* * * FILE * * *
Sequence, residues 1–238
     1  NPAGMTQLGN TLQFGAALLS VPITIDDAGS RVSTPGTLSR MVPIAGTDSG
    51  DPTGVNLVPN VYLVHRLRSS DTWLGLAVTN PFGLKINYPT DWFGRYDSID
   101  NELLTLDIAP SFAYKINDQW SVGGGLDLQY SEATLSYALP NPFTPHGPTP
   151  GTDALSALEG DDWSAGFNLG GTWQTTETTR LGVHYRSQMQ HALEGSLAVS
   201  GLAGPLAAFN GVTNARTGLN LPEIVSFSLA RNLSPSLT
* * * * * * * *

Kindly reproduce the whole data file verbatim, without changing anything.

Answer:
Sequence, residues 1–238
     1  NPAGMTQLGN TLQFGAALLS VPITIDDAGS RVSTPGTLSR MVPIAGTDSG
    51  DPTGVNLVPN VYLVHRLRSS DTWLGLAVTN PFGLKINYPT DWFGRYDSID
   101  NELLTLDIAP SFAYKINDQW SVGGGLDLQY SEATLSYALP NPFTPHGPTP
   151  GTDALSALEG DDWSAGFNLG GTWQTTETTR LGVHYRSQMQ HALEGSLAVS
   201  GLAGPLAAFN GVTNARTGLN LPEIVSFSLA RNLSPSLT